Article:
The standard touchscreen interface also leaves much to be desired. Although it shares its MyLink name with the system found in pricier Chevrolets, it is an entirely different, decontented unit that looks and behaves as if it was sourced from the aftermarket. Both the touchscreen icons and the touch-sensitive "buttons" for volume, power and menu below are often unresponsive. We found even simple tasks like tuning the radio to be frustrating.
The Trax at least offers more places to stash your stuff, with copious little bins (of admittedly varying degrees of usefulness) nearly everywhere you look. There are two on each front door, one above the air vents, two smaller bins on either side of those vents (the elephant's ears), an area forward of the shifter and a small compartment above the glovebox that houses the auxiliary audio jack and USB port. Folks who enjoy on-road beverages will also relish the four cupholders between the front seats.
What About Its Performance and Fuel Economy?
Every 2015 Chevy Trax comes with a 1.4-liter turbocharged inline-4 that produces 138 horsepower and 148 pound-feet of torque. The latter is achieved as soon as 1,850 rpm, giving the Trax a punchy, responsive character off the line or when seeking a burst of acceleration during highway passing.
However, despite a reasonably responsive six-speed automatic transmission, the Trax quickly runs out of steam when accelerating briskly away from a traffic light or trying to get up to speed on an on-ramp. At our test track, this little Chevy SUV needed 10 seconds to reach 60 mph, a slow time for any segment, let alone one in which all but one competitor (the HR-V) have more power.
EPA-estimated fuel economy for the front-wheel-drive Trax is 29 mpg combined (26 city/34 highway), with the all-wheel-drive model coming in at 27 mpg combined (24/31). Our real-world fuel economy was worse, managing a rather pathetic 21.6 mpg on the Edmunds evaluation route and a better 25.4 mpg during its total two-week test. By comparison, the Honda HR-V is thriftier at 31 mpg combined (FWD) and 29 mpg combined (AWD), but quasi-competitors like the front-drive-only Kia Soul (26 mpg combined) and AWD-only Subaru XV Crosstrek (28 mpg combined) compare favorably.
How Does It Drive?
For the urban and suburban adventures (read: errands) that the Trax is likely to embark upon, its résumé of dynamic talents is sufficient. Around town, its small dimensions make it feel nimbler than the typical larger SUV, while its steering is precise and well weighted, though ultimately rather numb. Brake effort and feel are impressively spot-on and a panic stop from 60 mph took 120 feet. That's slightly better than average, but subsequent stops grew longer and the brake pads produced odor, indicating a predilection to brake fade that would reveal itself during long, downhill stretches.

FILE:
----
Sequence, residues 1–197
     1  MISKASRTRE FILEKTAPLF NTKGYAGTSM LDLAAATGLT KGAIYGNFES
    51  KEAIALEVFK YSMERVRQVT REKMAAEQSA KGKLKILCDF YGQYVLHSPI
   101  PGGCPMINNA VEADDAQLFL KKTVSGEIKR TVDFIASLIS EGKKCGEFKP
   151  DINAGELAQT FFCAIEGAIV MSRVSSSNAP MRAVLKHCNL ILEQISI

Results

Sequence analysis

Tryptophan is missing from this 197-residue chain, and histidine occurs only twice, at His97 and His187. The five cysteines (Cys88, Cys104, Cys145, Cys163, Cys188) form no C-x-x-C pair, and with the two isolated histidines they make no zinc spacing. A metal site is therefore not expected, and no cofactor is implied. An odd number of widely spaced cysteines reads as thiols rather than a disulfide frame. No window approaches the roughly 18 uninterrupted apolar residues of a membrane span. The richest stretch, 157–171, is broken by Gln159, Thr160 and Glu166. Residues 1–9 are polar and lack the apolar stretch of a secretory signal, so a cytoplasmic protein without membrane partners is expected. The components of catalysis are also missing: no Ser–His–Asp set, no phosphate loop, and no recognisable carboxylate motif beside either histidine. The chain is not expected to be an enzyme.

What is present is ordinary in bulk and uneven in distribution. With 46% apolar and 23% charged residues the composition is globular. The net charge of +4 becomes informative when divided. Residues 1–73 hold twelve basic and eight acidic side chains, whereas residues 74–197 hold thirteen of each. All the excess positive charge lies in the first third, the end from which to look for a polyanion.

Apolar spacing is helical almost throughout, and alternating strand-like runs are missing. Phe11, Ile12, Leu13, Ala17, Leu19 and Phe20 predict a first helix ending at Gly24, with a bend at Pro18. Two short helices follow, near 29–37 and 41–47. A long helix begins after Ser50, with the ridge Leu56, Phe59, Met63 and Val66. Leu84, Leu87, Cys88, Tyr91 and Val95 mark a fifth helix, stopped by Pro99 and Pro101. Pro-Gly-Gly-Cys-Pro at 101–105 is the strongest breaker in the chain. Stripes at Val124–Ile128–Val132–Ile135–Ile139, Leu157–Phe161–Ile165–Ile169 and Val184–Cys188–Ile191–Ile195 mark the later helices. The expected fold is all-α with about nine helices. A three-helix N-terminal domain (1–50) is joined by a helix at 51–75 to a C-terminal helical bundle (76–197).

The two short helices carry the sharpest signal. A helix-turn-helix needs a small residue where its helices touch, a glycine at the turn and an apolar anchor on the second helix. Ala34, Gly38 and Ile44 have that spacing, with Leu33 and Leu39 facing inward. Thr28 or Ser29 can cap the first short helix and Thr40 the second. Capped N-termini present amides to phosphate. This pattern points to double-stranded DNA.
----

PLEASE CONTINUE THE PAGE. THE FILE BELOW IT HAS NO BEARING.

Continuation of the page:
The ride quality is noticeably different when you change from the base wheels and tires to the higher-end option. In an LT trim test car with 16-inch wheels, bumps were impressively damped and the ride was nicely controlled on undulations, maintaining a sense of composure. In this guise, it doesn't feel like a tinny, unsubstantial vehicle in the least.
Having said that, the LTZ trim and its 18-inch wheels and tires rides significantly firmer, busier and has a tendency to tiresomely jostle passengers around on more gnarled pavement. It can be borderline harsh at times and feels trucklike for no good reason. As such, we recommend the volume-selling LT over the fancier LTZ on the grounds of ride comfort alone.
What Features Are Available?
Value is one of the 2015 Chevy Trax's key points of appeal. For its base price of $20,995, a Trax LS comes standard with an impressive amount of equipment, especially in the area of technology. Besides basics like full power accessories and air-conditioning, standard items include a rearview camera, OnStar emergency telematics, a built-in WiFi hot spot, Bluetooth phone and audio connectivity, Siri Eyes Free for iPhone, a USB port, an iPod interface and the 7-inch MyLink touchscreen interface.
Chevrolet estimates that about 60 percent of buyers will get a Trax similar to the $23,815 LT model we initially tested. It featured alloy wheels, roof rails, cruise control and satellite radio as standard equipment. It also included the $670 LT Plus package that adds a six-way power driver seat, cloth/leatherette upholstery, a leather-wrapped steering wheel and rear parking sensors.
Getting the LTZ would add those 18-inch wheels and the LT Plus package content, plus leather upholstery, heated front seats, an auto-dimming mirror and a Bose sound system. This equipment raises the price to an as-tested $27,405. Although competitors like the Jeep Renegade and Fiat 500X are similarly priced, they offer slightly more equipment along with superior performance, interior quality and overall personality. The Renegade also provides an added bonus of some off-roading capability that the Trax does not have.